i
} is the weight for study *i*. When all *w*_{
i
} = 1, the above test is the unweighted z-test, also called the Stouffer test [5]. When w_{i} = n_{i}, where n_{i} is the sample size for study *i* , it is called the Mosteller-Bush test [8]. Other researchers suggested the use of the square root of the sample size \sqrt{{n}_{i}} or the inverse of the estimated standard error 1/\hat{se} as weight [27].

Other ways to combine p-values are based on the following property: if {Y}_{1},{Y}_{2},\dots ,{Y}_{K} are *K* independent random variables and each has a chi-square distribution with df equal to *d*_{
i
}, then their sum has a chi-square distribution with df equal to the sum of their df's. Fisher [9] found that if K random variables {X}_{1},{X}_{2},\dots ,{X}_{K} are independent and identically uniformly distributed between 0 and 1, then each -2\text{log}\left({X}_{i}\right) has a chi-square distribution with df = 2 and their sum -2{\displaystyle \sum _{i=1}^{k}}\text{log}\left({X}_{i}\right) has a chi-square distribution with 2K df, {\chi}^{2}\left(df=2k\right). Based on this fact, Fisher used test statistic -2{\displaystyle \sum _{i=1}^{k}}\text{log}\left({P}_{i}\right) and compared it to {\chi}^{2}\left(df=2k\right) to calculate the overall p-value. Lancaster [3] generalized Fisher's test by giving different d_{i} df for each study. The test statistic under the null hypothesis has a {\chi}^{2}\left(df={\displaystyle \sum _{i=1}^{k}}{d}_{i}\right). More specifically, the test statistic is given by:

where {F}_{i}^{-1} is the inverse of {\chi}^{2}\left(df={d}_{i}\right).

Rather than the chi-square distribution, a more generalized distribution, gamma distribution, can be used. The test statistic based on the gamma distribution can be written as:

where {G}_{{\alpha}_{i}\beta}^{-1}\left(.\right) is the inverse gamma distribution with shape parameter *α*_{
i
} and scale parameter *β*. Due to the property of the gamma distribution, for constant shape parameter *α*_{
i
}, T will have a gamma distribution with shape parameter equals to \sum _{i=1}^{K}{\alpha}_{i} and scale parameter equals to *β*. When all *α*_{
i
} = 1, T has an exponential distribution under the null hypothesis. When all *α*_{
i
} = *v*/2 and *β* = 2, the null distribution of T is a chi-square distribution with \text{df}=vK. When *v* = 1, it is the Chen-Nadarajah test [14]; when *v* = 2, it is the Fisher test.

In this paper, we use *β* = 1 as the scale parameter which has no effect on power of the test T. For the shape parameter, we will use {\alpha}_{i}=1/{p}_{i} for the i^{th} study. So the proposed test statistic is:

Notice that since the gamma distribution with shape parameter *α*_{
i
} and scale parameter 1 has expected value *α*_{
i
}, a small p-value of *p*_{
i
} results in a large expected value. Therefore, the proposed test gives larger "weights" to smaller p-values. In addition, since *p*_{
i
} is a random variable, the proposed test doesn't follow a gamma distribution any more. However, the p-value can be easily estimated by resampling method. Under the null hypothesis, *p*_{
i
} is uniformly distributed between 0 and 1. For the given number of studies, K, we can generate K numbers from uniform distribution U(0,1) and then calculate the statistic t defined in (4). We repeat this step N times (say, N = 10^{8}), then the null distribution of T can be approximated by those numbers and the p-value can be estimated by the proportion of the N values which are greater than the observed statistic.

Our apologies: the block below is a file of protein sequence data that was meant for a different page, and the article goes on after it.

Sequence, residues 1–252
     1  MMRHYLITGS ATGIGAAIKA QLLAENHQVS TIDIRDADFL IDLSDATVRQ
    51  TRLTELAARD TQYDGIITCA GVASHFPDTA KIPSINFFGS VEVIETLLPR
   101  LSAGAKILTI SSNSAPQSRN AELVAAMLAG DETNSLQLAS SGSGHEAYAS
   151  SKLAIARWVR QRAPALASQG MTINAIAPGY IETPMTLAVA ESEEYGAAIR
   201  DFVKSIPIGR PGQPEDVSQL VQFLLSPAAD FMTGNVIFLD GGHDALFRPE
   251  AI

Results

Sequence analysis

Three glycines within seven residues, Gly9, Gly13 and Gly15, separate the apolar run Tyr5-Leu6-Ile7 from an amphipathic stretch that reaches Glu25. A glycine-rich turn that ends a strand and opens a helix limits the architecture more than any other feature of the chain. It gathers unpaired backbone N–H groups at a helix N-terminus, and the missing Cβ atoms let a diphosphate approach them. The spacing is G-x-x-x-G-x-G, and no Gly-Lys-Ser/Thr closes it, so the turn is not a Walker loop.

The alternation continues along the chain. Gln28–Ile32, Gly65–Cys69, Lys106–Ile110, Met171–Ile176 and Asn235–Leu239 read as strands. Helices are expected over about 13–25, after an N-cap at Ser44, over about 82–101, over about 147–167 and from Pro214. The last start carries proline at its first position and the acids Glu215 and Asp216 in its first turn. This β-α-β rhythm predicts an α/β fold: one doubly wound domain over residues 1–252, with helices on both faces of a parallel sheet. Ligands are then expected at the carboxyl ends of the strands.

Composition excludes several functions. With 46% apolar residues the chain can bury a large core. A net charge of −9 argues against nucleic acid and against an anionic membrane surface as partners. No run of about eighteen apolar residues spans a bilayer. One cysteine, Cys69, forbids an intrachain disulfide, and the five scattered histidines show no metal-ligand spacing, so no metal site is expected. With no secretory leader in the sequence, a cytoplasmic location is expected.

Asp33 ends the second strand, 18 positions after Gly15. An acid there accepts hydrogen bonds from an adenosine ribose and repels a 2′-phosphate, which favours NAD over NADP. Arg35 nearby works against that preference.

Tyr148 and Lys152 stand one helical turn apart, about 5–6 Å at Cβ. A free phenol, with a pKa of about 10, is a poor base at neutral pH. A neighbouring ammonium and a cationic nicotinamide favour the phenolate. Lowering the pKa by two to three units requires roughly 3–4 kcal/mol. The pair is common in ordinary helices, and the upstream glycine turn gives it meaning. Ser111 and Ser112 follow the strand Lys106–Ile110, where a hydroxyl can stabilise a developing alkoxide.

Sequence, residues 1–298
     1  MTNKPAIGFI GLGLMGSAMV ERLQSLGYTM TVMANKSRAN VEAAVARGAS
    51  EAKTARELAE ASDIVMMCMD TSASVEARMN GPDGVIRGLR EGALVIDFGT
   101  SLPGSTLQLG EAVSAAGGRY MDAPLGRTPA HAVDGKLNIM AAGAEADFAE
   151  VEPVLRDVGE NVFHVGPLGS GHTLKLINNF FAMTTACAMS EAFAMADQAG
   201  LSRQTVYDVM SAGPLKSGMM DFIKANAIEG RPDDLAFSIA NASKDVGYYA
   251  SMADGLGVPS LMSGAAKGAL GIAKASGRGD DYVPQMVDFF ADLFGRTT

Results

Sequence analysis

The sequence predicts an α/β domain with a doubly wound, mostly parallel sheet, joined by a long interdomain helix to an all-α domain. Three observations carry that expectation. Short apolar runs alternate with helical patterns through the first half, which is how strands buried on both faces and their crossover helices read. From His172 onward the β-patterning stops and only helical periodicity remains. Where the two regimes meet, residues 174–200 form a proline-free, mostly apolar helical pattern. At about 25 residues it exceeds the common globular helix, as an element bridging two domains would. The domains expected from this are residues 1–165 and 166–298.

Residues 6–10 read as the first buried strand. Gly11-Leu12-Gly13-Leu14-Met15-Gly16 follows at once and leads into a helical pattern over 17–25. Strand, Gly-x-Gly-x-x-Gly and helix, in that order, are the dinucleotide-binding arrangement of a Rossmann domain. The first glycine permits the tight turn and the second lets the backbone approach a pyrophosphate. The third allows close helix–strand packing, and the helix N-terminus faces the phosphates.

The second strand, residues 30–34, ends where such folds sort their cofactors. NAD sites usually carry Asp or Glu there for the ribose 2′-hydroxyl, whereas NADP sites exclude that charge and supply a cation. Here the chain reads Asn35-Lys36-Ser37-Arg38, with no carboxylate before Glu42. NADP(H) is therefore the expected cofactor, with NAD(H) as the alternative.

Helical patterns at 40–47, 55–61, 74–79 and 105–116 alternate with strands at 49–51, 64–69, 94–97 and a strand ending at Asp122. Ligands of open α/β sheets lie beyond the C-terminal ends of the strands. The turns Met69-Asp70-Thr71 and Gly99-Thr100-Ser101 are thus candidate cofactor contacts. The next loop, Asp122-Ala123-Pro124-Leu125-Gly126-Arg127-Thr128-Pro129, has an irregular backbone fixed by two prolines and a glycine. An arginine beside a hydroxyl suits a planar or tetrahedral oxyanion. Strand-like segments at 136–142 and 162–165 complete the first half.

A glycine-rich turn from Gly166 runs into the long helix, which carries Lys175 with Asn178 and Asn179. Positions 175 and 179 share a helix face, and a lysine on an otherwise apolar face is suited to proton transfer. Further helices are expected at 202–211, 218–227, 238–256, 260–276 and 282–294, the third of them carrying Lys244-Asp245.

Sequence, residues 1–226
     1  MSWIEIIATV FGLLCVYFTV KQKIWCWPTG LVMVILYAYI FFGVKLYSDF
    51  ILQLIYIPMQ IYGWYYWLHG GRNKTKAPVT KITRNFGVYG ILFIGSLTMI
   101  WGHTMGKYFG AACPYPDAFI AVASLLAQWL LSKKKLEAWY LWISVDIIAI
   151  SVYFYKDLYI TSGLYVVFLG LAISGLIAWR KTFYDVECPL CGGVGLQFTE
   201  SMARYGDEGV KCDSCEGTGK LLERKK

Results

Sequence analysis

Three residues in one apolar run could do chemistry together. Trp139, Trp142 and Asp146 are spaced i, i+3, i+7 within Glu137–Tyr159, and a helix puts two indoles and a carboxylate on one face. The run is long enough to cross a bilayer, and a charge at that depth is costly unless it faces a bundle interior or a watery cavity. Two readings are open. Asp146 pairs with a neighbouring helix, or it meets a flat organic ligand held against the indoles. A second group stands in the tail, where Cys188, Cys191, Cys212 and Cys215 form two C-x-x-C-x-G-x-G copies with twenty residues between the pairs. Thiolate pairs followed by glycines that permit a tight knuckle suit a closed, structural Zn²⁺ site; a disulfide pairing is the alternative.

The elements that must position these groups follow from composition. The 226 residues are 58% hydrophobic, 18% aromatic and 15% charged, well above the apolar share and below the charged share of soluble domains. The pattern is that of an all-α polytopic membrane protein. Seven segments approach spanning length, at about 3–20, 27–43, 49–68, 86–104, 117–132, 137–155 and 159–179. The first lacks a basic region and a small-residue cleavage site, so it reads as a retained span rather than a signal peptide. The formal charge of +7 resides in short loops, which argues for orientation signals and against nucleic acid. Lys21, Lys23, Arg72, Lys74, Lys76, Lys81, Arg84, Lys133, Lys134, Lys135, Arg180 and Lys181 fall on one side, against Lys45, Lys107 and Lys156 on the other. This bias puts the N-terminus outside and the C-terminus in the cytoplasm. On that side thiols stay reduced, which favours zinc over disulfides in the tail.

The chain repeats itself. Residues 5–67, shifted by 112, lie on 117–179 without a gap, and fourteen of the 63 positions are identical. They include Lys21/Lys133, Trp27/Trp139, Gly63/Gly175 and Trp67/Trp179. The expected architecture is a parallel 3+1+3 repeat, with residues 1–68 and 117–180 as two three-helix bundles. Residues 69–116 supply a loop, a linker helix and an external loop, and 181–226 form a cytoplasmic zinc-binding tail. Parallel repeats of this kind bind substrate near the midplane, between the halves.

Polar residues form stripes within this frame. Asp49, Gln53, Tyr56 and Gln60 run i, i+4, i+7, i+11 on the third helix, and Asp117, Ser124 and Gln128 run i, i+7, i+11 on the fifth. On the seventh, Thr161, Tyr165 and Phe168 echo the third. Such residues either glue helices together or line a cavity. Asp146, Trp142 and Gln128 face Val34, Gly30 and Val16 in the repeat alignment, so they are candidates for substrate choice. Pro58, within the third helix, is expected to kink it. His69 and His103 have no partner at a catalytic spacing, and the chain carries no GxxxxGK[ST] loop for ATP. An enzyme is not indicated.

## Results

### Simulation study

To assess the performance of the proposed test, we conduct a simulation study by comparing it with some existing methods, including the z-test (denoted by Z), weighted z-tests with weights equal to the sample size (Z_n) or the estimated standard error (Z_se), the Chen-Nadarajah (CN) method, the Fisher test (Fisher). In the simulation study, we assume there are K independent studies, where K = 2, 10, or 100. For each study, we simulate data from two normal distributions: N\left(0,{\sigma}^{2}\right), and N\left({\mu}_{i},{\sigma}^{2}\right) with sample sizes n_{1} = n_{2} = n, respectively. Of the K studies, there are different numbers of studies that have none-zero effects (i.e.,{\mu}_{i}\ne 0 ), which may have different values among studies but their sum is a constant. We consider several conditions for allocating effect sizes among the K studies. We first consider sample sizes and variances are fixed. We then assume the sample size, or the variance, or both the sample size and the variance are randomly sampled from given distributions. For random sample size, we assume it follows a Poisson distribution, Poi(λ); for random variances, we assume the standard deviation follows a gamma distribution with shape parameter *α* and scale parameter *β*, gamma(*α, β*). A p-value from a two-sample t-test to compare two group means for each study is obtained and is used to combine those K studies. When K is small (i.e., 2, and 10), we consider situations where there are 1 to K studies having none-zero effects. For K = 100, we consider i (i = 1, 2,..., 10) studies having the same effect size while the remaining 100-i studies having zero effect. We choose significance level 0.05 in the simulation study and use 10^{5} replicates to estimate the type I error rate and the power.